A spaghetti dinner for Summerland teachers last week was hosted by retired teachers

Appreciation dinner held for teachers

Summerland teachers and their families were invited to a Teacher Appreciation Dinner, held at the United Church Hall on Tuesday, Sept. 16.

There can be no doubt in the minds of teachers who live in Summerland that they are very much appreciated.

While on the picket lines, all Summerland teachers and their families were invited to a Teacher Appreciation Dinner, held at the United Church Hall on Tuesday, Sept. 16.

The spaghetti dinner was hosted by retired teachers, CUPE staff and many other individuals and community supporters.

The reason for the dinner was to show respect and appreciation for the teachers and to say thank you to them for standing up for public education.

Sandy Nicolson first came up with the idea. She asked Linda Beaven what she thought and her response was “it’s an awesome idea.”

Together they invited Marian Rudisill, Pat Gartrell and Donna Graham to join them on the organizing committee.

Through phone calls, emails and word of mouth, they soon had the funds needed to rent the hall and book the caterer. Desserts for the dinner were baked and donated by willing individuals.

“It was a stage when teachers were feeling really low and we thought they really needed a boost and somebody to say we appreciate what it is you are doing,” explained Beaven.

“We wanted to let people know that we support teachers and respect them and are convinced that a well- funded public education system for all children is what we need,” said Nicolson.

Kirby Sands, staff representative for Summerland Secondary School, said the dinner was a huge morale booster. He explained that it had been a difficult time for teachers.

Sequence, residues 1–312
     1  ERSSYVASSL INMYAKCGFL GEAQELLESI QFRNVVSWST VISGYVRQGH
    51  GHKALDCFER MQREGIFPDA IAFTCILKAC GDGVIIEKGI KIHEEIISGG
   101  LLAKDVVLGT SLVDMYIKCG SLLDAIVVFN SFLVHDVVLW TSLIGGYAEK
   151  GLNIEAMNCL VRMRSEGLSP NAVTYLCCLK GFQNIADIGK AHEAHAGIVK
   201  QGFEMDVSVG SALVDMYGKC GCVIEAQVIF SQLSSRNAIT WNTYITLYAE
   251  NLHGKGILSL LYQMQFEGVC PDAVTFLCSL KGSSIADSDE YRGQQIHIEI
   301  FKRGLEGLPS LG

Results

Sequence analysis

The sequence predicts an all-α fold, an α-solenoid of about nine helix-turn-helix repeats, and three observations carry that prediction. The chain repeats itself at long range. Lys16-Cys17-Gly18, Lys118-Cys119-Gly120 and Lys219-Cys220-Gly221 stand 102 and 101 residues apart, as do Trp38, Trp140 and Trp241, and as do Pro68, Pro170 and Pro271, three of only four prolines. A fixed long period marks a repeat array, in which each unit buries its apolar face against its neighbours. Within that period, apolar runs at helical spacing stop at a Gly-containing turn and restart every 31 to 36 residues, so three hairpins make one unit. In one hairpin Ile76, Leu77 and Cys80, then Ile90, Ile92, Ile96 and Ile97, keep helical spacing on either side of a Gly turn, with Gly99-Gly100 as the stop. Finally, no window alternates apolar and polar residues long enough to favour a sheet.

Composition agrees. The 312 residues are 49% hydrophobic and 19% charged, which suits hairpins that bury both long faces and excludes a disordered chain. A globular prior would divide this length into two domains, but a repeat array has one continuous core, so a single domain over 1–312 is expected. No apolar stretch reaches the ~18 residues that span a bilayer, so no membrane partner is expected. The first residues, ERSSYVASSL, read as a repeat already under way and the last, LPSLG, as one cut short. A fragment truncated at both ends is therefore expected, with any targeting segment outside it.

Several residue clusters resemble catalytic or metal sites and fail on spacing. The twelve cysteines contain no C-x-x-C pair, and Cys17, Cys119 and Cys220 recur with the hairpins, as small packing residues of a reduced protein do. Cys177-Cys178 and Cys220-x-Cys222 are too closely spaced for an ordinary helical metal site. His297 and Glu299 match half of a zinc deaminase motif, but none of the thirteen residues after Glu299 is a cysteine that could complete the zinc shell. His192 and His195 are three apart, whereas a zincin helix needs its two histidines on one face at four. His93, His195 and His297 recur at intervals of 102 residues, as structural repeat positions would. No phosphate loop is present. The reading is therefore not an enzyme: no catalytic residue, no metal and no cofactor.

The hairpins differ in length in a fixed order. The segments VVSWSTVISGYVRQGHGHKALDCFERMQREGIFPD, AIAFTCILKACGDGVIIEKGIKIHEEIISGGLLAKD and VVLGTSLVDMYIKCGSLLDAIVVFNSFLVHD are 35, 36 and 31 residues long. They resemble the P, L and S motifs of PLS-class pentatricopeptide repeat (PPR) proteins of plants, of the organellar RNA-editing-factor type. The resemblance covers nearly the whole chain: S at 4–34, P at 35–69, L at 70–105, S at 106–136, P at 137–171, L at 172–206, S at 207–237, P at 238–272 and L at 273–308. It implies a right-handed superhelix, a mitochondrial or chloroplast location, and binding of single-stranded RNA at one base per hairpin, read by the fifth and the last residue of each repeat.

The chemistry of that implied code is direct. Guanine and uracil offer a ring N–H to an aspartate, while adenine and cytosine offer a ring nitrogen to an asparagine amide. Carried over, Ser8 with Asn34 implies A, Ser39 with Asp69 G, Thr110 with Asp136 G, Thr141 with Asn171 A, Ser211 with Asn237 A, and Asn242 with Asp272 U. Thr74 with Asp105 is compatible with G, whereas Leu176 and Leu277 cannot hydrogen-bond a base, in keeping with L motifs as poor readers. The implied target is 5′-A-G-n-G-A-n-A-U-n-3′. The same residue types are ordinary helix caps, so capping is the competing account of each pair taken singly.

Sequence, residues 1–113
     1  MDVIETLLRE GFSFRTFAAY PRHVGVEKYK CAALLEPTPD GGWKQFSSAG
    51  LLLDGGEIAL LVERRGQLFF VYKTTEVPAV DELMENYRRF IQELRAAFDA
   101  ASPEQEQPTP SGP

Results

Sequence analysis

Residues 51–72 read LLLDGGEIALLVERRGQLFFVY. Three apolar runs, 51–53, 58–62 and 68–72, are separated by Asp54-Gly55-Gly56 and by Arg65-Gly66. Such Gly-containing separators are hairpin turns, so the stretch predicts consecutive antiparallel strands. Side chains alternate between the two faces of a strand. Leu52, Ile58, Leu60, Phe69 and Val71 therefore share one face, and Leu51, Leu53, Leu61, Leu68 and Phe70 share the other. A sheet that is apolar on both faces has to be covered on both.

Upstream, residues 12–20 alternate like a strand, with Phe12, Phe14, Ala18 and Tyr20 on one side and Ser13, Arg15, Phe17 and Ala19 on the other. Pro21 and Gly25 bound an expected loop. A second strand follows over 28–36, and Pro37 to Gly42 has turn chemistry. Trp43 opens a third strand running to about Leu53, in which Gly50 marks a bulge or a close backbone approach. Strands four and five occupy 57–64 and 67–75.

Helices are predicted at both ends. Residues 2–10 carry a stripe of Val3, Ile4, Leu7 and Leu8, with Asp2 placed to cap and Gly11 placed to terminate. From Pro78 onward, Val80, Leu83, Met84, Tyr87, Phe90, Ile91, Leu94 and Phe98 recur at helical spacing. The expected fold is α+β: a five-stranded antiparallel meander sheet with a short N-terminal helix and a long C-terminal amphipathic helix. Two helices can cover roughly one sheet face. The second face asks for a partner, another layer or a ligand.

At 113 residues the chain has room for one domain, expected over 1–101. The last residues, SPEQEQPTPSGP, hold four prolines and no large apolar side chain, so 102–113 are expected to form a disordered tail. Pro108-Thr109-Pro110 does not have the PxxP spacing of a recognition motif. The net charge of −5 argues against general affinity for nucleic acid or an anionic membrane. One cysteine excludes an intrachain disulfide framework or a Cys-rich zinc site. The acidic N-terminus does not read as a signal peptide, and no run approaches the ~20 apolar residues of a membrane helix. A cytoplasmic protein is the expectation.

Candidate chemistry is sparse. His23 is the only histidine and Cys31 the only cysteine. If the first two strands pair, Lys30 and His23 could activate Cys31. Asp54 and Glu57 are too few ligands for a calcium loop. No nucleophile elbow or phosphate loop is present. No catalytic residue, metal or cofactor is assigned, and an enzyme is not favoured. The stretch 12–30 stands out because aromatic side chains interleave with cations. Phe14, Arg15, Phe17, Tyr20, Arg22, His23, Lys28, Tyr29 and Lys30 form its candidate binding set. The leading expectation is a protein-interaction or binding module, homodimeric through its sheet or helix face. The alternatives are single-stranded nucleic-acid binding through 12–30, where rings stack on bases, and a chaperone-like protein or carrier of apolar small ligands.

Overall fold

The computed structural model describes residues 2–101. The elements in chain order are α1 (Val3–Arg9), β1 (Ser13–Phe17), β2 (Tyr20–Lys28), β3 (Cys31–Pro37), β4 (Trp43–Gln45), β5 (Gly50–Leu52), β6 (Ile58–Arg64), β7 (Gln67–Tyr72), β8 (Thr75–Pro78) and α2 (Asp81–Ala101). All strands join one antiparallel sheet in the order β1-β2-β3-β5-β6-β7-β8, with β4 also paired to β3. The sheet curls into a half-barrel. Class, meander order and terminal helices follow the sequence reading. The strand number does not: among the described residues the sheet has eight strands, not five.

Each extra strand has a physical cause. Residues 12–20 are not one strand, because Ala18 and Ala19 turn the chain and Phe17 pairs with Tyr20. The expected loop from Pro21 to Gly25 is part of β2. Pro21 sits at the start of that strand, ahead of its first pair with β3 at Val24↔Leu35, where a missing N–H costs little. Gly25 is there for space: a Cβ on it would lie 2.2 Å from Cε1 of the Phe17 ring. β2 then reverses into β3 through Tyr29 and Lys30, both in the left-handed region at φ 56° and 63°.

“We have a lot of two-teacher income families, so they’ve had nothing to live on at this time, as the last full paycheque we had was in mid-May.”

Sands also wanted to thank the community as a whole for all the support they had shown to teachers. Many people had dropped by with donuts and coffee and stopped to wish them well during the strike.

Teacher Shona Becker said she was “incredibly touched” that someone had thought enough of the teachers to get them all together and to say that public education was important.

“It really speaks volumes about our Summerland community. We are incredibly lucky to have such a tight knit community that would put on an event like this for teachers and their families,” she said.

Becker and her husband have been teaching for 17 years, but are also parents with two young boys in the school system.

“We really want the best educationally sound supportive system, not just for our kids, but for all kids,” she added.

Another teacher, Kevin Bond, said there had been a lot of support from drivers honking and passers by giving positive feedback.

“The dinner tonight really demonstrated support in a tangible way, by meeting the needs of our families and giving us food. We really appreciate this and it’s quite meaningful to know that people in this community appreciate what we do for kids and the position we have taken.”

Anita Berekoff added her voice saying,

“I think we were all just taken aback by the kindness of this community and of past teachers who really understand the issues and understand why we were out there.”

As a teacher, Jandi Doyle expressed that she felt there was a desperate need to stand up for students and public education.

She at times had been frustrated by the way teachers had been misrepresented in the media.

“It’s hard not to take it personally when people are bashing teachers, so a night like tonight means so much. It really warms my heart,” she said.

“It’s been a fairly trying time. It’s nice to have this sort of help and recognition,” said Susie Haverkamp. “It puts a positive spin on everything …a feel-good dinner.”

Coincidently the appreciation dinner for the teachers was held on the evening of the same day that a tentative agreement had been reached between the teachers and the government. This no doubt resulted in a somewhat more celebratory mood in the hall that night than otherwise might have been the case.

If you know a positive story about someone in our community, contact Carla McLeod at carlamcleod@shaw.ca or contact the Summerland Review newsroom at 250-494-5406.

 

 

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